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Standards for Grammar, Spelling, and Style

Discussion in 'Archives' started by david stone, Feb 19, 2010.

  1. david stone

    david stone Fast-moving, smart, sexy and alarming.
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    First of all, read the grammar standards page.

    The rest of this post will deal with more general problems that many of our analyses have.

    Length:

    A long analysis is not a good analysis. An analysis that is too short risks lacking information, but one that is too long risks burying the useful information, making the reader lose interest. In both cases, the problem is the same: you're not getting your point across.

    In general, don't use longer words when a shorter word works just as well. You don't have to use big words to sound knowledgeable about something. An example: "Salamence is very prevalent in this torridly-paced metagame due to how skillfully said Pokemon boasts a multitudinous array of items, superb base Attack and an impressive array of moves that can threaten even the staunchest of defenses." No. You may think you sound smart, but most readers will either wonder why you chose such "big" words or wonder whether you realize how pompous your writing style is. An example of the above sentence with less pretension: "Salamence is prevalent in today's fast-paced metagame because of how well it can use several items, its great attacking stats and Outrage, Earthquake and Fire Blast to pose a huge threat to any Pokemon team." You are getting across just as much information, it's shorter, and more people understand you.

    Stuff:

    Any other common problems of analyses should go here. Post suggestions for what you think it is!
  2. david stone

    david stone Fast-moving, smart, sexy and alarming.
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    These are some issues from the previous thread (I merged both grammar stickies into one) that haven't been added to the standards nor been decided not to be added. If you feel you made a post that wasn't fully addressed, re-post it here.

    Pokemon are referred to as "it". You don't talk about how Hippowdon uses his high Defense to wall physical hits, you talk about its high Defense.

    It should be "Speed tie", "Speed tier", and the like. Unless we're directly quoting an entire article, everything is a community created term. We say "Rhyperior's Substitute" and not "rhyperior's substitute", even though no where does Nintendo use that term. Even "Speed stat" is, to my knowledge, a community created term. We're referring to the stat, which is Speed, and as such, it should be capitalized. I'd like to see a single case where "Speed" Isn't used as part of a larger phrase, and in almost all of those cases, Speed is (and should be) capitalized.

    I haven't seen any compelling reason to not include a space around the em dash. However, I can see a downside. Not having a space makes it look more like a hyphen, as though you are trying to connect each part of the phrase to the word on either end – in fact, your intent is exactly the opposite! The purpose of the em dash is to emphasize a distinction. Using punctuation in a way that looks more connective than distinguishing goes against that. Both ways are attested to, so I'm not propose some wacky punctuation no one will understand.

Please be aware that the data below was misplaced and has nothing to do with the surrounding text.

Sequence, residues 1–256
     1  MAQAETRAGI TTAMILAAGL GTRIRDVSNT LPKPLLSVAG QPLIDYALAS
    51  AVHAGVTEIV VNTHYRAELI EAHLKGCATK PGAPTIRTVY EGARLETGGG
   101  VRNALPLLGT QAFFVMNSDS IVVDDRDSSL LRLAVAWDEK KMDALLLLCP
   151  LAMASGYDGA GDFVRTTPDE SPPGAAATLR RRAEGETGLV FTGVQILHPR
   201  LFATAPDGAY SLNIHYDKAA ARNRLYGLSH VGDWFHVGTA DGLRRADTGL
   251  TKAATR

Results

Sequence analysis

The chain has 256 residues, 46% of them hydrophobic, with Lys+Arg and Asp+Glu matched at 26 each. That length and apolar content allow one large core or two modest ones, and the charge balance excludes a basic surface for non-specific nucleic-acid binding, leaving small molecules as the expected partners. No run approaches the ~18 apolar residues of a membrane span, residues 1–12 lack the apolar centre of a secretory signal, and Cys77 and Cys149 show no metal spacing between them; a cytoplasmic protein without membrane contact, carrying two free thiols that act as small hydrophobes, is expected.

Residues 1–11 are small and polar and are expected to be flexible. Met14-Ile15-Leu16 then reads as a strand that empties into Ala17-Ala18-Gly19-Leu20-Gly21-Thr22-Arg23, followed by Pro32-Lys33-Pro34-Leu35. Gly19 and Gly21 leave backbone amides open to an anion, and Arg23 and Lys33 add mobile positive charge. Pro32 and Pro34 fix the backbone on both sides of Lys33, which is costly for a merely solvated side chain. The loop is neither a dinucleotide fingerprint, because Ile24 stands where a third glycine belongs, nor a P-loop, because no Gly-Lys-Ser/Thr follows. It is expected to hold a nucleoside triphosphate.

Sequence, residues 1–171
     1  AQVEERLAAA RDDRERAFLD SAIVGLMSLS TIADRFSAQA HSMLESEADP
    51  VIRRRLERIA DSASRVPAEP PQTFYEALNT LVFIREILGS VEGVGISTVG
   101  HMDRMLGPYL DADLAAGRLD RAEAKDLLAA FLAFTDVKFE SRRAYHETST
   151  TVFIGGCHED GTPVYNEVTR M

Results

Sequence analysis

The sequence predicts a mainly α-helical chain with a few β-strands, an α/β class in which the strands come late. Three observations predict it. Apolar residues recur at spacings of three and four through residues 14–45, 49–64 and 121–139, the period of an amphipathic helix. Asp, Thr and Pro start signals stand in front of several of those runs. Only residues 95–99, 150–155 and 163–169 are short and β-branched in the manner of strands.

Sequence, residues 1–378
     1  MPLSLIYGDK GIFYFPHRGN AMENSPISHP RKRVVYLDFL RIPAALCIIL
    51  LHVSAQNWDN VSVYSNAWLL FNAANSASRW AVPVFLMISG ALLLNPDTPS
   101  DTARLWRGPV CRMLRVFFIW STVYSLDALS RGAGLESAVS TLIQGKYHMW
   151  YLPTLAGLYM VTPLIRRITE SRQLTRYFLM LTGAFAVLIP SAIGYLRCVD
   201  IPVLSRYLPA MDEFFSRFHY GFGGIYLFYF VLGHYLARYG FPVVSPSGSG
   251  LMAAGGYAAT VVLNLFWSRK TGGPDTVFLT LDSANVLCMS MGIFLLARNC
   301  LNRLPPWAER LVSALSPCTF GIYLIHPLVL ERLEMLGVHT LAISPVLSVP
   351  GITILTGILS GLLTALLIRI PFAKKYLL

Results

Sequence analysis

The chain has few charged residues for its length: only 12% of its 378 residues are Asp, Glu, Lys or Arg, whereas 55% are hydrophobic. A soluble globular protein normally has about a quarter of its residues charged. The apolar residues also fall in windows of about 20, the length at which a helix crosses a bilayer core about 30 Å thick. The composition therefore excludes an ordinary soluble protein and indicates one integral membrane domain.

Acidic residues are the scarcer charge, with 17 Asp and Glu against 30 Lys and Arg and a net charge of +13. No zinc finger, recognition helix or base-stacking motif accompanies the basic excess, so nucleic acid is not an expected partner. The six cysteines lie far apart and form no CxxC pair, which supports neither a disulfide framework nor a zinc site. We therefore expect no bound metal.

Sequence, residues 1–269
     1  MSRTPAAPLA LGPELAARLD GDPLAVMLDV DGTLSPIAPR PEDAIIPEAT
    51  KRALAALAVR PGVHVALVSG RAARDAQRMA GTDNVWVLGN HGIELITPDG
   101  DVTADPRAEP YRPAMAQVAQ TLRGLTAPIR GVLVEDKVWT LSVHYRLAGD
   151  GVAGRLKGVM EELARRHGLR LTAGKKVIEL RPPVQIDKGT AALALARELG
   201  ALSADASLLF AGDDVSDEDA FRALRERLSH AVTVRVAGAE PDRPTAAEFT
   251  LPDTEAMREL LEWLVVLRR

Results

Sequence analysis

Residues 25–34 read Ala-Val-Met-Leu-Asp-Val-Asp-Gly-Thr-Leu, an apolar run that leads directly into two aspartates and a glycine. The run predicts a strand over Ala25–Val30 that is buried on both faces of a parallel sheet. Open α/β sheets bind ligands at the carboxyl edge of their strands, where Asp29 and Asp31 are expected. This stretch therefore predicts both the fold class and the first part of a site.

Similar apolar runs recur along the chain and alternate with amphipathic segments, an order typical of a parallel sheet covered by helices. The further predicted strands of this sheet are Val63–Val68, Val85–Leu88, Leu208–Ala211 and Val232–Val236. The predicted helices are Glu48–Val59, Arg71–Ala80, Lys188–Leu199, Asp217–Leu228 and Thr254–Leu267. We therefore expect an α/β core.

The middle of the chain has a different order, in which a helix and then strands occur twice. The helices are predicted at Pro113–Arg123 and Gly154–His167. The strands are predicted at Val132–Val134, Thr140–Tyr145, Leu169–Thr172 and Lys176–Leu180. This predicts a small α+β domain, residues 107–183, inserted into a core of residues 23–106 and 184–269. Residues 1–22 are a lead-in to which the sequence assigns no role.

Even better is a spaced en dash. Em dashes are so big, and then you add spaces around that, and that makes the difference between the phrases a little too big. Spaced en dash is used even more commonly (from what I've read) than a spaced em dash, as well. However, I'm fine with a spaced em or en dash.




    I would like to propose the following changes to how we address generations:

    We currently have:

    RB / RBY
    GS / GSC
    RS / ADV / RSE / RSFRLGE
    DP / DPP / DPPt / DPPHGSS / DPPtHGSS

    It's fine for the first three, because we can find a way to standardize it to 3-letter abbreviations for everything. However, there is no easy way to do that in the current generation (and no guarantee that we will be able to in the future). When we talk of the current generation, the shortest catch-all is DPPHGSS, as DPP could mean just Diamond, Pearl, and Platinum, and DP could be Diamond and Pearl. As you can tell from the list, the quantity of abbreviations seems to grow with more generations (as they make more games, many of which require multiple letters). As such, I propose the following extensible, easy method (which I have started using myself) to refer to every game in a particular generation.

    Gen 1, Gen 2, Gen 3, Gen 4, etc.

    Gen 4, for instance, would be taken to mean "the set of everything in the current generation that is part of 'standard' play". That would mean everything in Diamond, Pearl, Platinum, Heart Gold, Soul Silver, whatever events there are (if we decide to continue allowing event Pokemon), whatever "Stadium" games they make, etc. It's basically a catch-all for saying what we actually mean.